For a number of years the fashion sector has been one investors have flocked to in droves, despite a couple of stormy exits after consumers turned their backs on luxury goods during the financial crisis. The marriage of cash and style has brought teetering retailers back from the edge as well as injecting glamour into portfolios otherwise dominated by industrial and financial firms.Here’s the Real Business lowdown on who swooped down on which fashion brands, and how the relationship fared. Seven that are currently at the beck and call of private equity backers Reiss
Investor: Warburg Pincus
Deal value: Undisclosed
When it happened: 2016 The affordable luxury brand that started off as a menswear company is popular with the Duchess of Cambridge and garnered sales of £146m in 2015. Just a few years shy of its 50th birthday, the chain was still in the hands of its original owner until the recent agreement, and David Reiss will remain chairman and CEO of his eponymous firm. With Warburg Pincus boasting more successful initial public offerings with its companies than any other global private equity firm, he can be sure it’s in safe financial hands. Dr. Martens
Deal value: £300m
When it happened: 2014 Now crowned with the dubious honour of being one of the only things worn by Miley Cyrus in the video for Wrecking Ball, the Dr. Martens brand was originally created by a German doctor who wanted boots more comfortable than the standard army-issue ones he’d been given. It was bought by Permira in 2014, and the relationship seems to be working so far – sales rose by 13 per cent in the first full year of private equity ownership.
Jack Wills Investor: Inflexion
Deal value: Undisclosed
When it happened: 2007 Since being acquired in 2007, the quintessentially British retailer has gone from sloaney secret to global brand. Yet despite the fact its clothing has been sported by Prince Harry, it hasn’t been an entirely smooth ride for the chain, with founder Pete Williams returning to the helm in August 2015 after a failed flotation. The brand’s Chelsea flagship store closed its doors last year, but it continues to pursue international expansion. Jaeger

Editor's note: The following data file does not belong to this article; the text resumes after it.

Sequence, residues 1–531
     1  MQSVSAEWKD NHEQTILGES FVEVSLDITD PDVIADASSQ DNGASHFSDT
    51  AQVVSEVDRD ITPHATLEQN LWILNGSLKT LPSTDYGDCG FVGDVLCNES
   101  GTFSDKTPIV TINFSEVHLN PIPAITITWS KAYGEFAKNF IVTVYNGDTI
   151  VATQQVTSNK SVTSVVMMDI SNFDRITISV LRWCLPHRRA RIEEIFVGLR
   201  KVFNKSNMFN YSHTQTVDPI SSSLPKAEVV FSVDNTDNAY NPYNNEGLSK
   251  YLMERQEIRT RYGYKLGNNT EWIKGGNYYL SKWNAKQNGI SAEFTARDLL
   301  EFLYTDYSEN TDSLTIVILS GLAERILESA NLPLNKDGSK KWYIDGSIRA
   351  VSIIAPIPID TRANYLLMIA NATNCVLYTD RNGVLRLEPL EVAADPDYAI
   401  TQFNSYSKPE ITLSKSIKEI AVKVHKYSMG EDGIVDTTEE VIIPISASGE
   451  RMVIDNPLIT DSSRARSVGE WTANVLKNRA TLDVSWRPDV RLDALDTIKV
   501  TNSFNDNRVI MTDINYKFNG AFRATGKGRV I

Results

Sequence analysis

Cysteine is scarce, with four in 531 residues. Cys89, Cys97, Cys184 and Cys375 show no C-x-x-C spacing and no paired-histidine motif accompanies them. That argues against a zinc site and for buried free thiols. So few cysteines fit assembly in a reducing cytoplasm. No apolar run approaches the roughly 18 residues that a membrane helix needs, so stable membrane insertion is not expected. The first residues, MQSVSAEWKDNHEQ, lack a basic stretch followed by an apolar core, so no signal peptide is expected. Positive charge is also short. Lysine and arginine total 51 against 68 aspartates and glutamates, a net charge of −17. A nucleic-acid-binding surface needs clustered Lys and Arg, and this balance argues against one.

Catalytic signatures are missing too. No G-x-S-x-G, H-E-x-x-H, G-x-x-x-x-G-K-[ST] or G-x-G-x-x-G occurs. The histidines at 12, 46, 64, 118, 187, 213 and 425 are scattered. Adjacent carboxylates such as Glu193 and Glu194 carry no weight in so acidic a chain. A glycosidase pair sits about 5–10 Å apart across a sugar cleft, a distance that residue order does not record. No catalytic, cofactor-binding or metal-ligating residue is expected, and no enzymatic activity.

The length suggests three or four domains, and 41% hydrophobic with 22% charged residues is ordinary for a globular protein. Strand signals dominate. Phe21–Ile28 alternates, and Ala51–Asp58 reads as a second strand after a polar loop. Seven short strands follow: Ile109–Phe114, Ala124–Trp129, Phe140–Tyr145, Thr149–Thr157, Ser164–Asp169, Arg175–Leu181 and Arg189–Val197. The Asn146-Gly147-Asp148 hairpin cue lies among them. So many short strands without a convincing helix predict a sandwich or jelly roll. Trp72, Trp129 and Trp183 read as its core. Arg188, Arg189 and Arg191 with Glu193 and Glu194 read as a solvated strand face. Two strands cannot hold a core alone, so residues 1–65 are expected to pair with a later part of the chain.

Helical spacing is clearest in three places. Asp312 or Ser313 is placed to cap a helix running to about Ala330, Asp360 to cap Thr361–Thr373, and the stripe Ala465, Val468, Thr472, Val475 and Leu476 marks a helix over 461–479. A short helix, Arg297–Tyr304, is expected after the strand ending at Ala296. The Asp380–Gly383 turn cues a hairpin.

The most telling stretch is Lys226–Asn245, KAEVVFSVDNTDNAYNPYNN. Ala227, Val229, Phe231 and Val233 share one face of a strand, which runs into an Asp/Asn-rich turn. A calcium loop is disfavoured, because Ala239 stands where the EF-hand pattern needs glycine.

Investor: Better Capital
Deal value: £19.5m
When it happened: 2012 Competing in the same high street luxury segment of the fashion market as Reiss, 128-year-old Jaeger has been less successful in recent years. Owner Better Capital – which acquired it in 2012 – tried and failed to jettison the ailing retailer at the beginning of 2016 after receiving offers £5m lower than than expected. The financiers are now resigned to holding on to the brand for another two years. Kurt Geiger
Deal value: £245m
When it happened: 2015 London-based investor Cinven acquired the footwear retailer from a US private equity investor as shoppers flocked to the chain’s 80 stores and 240 concessions to do their Christmas shopping at the end of 2015. Kurt Geiger now sits in a portfolio alongside popular high street names including William Hill and Fitness First, adding an upmarket twist to the collection of investments. Fat Face
Deal value: £360m
When it happened: 2007 Fat Face’s private equity owner had to abandon plans to IPO the lifestyle clothing brand when market appetite for flotations in 2014 started to look seriously weak. The retailer – which originally sold t-shirts in ski resorts – has been owned by Bridgepoint for almost a decade, and its backers are currently trying to introduce it into the US market. Pepe Jeans & Hackett
Investor: L Capital Asia
Deal Value: Undisclosed
When it happened: 2015 With the two brands stocked in over 6,000 outlets worldwide, the company was an obvious target for L Capital Asia, the private equity arm of global luxury goods conglomerate LVMH. Spanish jeans label Pepe and classic British menswear brand Hackett were added to the portfolio in 2015, joining Australian swimwear maker Seafolly and Taiwanese beauty brand Dr Wu. And one that’s been through the ringer and out the other side Jimmy Choo
Investors: Lion Capital, Towerbrook Capital Partners, Phoenix Equity Partners To say founder Tamara Mellon’s experience with private equity was a negative one is an understatement. Her luxury shoe label has seen stakes acquired and disposed of three times, but having described her investors as “sociopaths”, “monsters” and “vultures who you to the wolves when they exit”, it doesn’t sound like she’ll be doing another deal any time soon.
In keeping with high-end fashion, lovers of fine watches will be ensured even more luxury when wearing premium brands as MasterCard plans on powering payments on pricey timepieces.
Share this story